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Using Qualcomm tech, AT&T completed first sub-6 GHz 5G data transfer

AT&T is currently offering up a commercial 5G service based on its millimeter wave spectrum holdings but the carrier is working to extend its 5G offering into sub-6 GHz frequencies. That effort hit a milestone this week with the company and its partners completing a data transfer in the field using sub-6 GHz spectrum.

While the 5G focus in the U.S. is currently on millimeter wave frequencies to deliver enhanced mobile broadband and the focus in the rest of the world is mid-band 5G deployments, the broader vision is a blend of low-, mid- and high-band to provide a balance of high capacity and geographic coverage–think a combined T-Mobile US and Sprint with 600 MHz, 2.5 GHz and millimeter wave.

In a blog post, AT&T’s Igal Elbaz, senior vice president of wireless technology, laid out the goal: “We believe deploying 5G in both mmWave and sub-6 bands will provide the best mix of speeds, latency and coverage… And although there are many more milestones to reach on the road head, this one gets us closer to making those experiences a reality for both businesses and consumers.”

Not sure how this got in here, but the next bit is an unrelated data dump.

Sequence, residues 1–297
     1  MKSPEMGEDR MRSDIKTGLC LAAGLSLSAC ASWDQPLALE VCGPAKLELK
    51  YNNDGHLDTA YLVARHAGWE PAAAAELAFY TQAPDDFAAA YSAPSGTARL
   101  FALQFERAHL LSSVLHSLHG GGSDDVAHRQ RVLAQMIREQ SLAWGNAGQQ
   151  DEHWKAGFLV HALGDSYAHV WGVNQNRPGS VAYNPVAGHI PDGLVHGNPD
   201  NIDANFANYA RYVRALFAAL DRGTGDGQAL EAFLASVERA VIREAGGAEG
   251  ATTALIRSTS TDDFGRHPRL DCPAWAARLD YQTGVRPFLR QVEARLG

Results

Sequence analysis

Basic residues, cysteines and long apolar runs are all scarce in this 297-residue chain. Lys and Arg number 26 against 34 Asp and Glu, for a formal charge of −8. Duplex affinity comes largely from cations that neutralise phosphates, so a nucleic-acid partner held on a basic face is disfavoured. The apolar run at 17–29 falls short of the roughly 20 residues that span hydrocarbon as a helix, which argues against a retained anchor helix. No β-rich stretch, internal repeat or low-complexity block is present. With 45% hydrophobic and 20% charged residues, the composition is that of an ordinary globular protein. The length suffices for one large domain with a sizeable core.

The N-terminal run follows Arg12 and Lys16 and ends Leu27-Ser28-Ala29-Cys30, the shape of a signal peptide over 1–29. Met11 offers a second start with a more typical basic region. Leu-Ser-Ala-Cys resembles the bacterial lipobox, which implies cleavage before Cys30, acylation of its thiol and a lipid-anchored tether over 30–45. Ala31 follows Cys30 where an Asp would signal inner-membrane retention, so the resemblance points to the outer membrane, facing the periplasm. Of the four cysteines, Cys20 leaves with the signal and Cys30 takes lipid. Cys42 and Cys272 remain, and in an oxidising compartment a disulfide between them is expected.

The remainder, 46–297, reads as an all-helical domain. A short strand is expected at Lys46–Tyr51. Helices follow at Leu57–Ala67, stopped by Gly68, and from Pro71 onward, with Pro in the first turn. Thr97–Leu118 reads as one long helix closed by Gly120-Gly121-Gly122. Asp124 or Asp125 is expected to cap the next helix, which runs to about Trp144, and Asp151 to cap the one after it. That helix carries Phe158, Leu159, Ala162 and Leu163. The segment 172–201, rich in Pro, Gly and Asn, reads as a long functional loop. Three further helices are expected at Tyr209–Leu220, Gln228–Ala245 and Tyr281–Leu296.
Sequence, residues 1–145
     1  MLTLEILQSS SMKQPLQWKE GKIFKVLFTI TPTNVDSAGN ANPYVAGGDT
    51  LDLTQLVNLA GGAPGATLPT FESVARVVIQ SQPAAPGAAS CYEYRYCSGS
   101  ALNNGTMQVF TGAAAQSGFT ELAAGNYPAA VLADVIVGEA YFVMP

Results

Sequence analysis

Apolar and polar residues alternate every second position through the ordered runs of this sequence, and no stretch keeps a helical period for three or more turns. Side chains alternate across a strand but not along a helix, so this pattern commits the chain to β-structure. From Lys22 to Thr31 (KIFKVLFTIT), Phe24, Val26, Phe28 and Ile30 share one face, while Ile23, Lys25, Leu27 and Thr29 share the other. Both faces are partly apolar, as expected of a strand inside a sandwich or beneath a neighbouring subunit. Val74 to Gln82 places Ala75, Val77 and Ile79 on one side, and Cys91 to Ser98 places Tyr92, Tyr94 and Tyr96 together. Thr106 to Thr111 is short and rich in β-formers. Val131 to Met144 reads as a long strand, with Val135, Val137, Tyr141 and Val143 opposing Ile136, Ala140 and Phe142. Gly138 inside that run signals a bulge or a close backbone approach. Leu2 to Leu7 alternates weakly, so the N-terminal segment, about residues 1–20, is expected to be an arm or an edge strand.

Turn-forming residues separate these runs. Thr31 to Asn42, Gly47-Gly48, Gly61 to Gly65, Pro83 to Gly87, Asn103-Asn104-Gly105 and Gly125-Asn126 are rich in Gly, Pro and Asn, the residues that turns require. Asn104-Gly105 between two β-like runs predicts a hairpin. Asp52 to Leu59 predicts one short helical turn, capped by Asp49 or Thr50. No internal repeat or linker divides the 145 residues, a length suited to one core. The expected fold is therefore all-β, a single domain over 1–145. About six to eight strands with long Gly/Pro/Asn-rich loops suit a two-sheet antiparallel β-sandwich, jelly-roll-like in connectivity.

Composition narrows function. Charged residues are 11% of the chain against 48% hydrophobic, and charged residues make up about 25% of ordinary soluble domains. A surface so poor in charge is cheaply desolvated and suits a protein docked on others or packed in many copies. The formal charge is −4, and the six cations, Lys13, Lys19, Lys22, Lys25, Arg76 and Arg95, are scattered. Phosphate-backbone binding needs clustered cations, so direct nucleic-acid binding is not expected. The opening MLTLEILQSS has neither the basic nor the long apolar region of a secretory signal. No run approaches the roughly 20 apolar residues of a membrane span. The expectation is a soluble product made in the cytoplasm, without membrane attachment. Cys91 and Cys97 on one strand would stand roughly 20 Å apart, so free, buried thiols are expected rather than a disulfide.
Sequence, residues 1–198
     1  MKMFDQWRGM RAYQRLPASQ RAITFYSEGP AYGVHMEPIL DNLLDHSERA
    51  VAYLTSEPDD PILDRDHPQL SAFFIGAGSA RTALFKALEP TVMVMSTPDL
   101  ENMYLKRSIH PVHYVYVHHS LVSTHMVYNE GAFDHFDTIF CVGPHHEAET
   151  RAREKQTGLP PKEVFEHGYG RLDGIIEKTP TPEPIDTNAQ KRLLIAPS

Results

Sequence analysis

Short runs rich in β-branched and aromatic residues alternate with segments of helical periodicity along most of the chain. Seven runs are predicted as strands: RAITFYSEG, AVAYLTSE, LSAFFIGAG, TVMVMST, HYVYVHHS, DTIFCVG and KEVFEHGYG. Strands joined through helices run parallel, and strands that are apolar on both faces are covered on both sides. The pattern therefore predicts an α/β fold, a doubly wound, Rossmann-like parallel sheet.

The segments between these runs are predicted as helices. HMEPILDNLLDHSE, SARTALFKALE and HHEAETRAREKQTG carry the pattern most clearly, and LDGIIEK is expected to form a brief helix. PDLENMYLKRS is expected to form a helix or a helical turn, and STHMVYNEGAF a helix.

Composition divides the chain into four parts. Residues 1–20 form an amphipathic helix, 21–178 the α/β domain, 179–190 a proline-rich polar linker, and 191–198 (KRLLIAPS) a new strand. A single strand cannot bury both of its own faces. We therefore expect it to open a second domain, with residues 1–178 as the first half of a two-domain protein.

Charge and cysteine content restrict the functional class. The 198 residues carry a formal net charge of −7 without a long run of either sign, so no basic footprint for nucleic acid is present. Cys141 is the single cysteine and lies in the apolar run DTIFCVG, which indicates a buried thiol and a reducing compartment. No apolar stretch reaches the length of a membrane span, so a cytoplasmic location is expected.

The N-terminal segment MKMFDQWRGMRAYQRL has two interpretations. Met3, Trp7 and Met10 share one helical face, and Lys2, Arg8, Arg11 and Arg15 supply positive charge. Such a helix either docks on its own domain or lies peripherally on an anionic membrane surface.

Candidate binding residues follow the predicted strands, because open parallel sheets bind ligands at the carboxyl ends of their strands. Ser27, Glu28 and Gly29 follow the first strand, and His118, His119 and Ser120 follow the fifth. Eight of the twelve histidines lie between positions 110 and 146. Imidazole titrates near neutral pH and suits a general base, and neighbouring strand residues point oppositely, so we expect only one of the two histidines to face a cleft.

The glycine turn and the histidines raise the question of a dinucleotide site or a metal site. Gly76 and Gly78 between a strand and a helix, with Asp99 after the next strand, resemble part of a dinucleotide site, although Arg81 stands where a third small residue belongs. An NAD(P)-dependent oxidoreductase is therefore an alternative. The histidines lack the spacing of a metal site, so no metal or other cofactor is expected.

AT&T’s millimeter wave network has supported speeds in excess of 2 Gbps downlink throughput. “By contrast,” Elbaz wrote, “5G sub-6 speeds won’t be in that range, but we do expect it to offer a good balance of impressive speeds over broader distances.”

For the purposes of this field test, AT&T said it used a 5G modem, RF transceiver, RF front-end and test device provided by Qualcomm.

Taking a wider look at AT&T’s spectrum holdings, the carrier currently has 3G operating in the 850 MHz and 1900 MHz bands. The company has said it plans to discontinue 3G service in 2022. For LTE, AT&T uses a mix of 700 MHz, 850 MHz, 1700 MHz, 1900 MHz, 2100 MHz and 2300 MHz. So while it’s not immediately clear which sub-6 GHz holdings would go toward 5G, the carrier has some options.

AT&T has set mid-2020 as the goal for delivering nationwide 5G coverage. “After making our first data transfer over Sub-6GHz spectrum in the field this week,” Elbaz wrote, “AT&T is a step closer to introducing 5G over sub-6 spectrum, with plans to offer nationwide 5G in the first half of 2020.”

The post With millimeter wave 5G available now, AT&T working sub-6 GHz strategy appeared first on RCR Wireless News.



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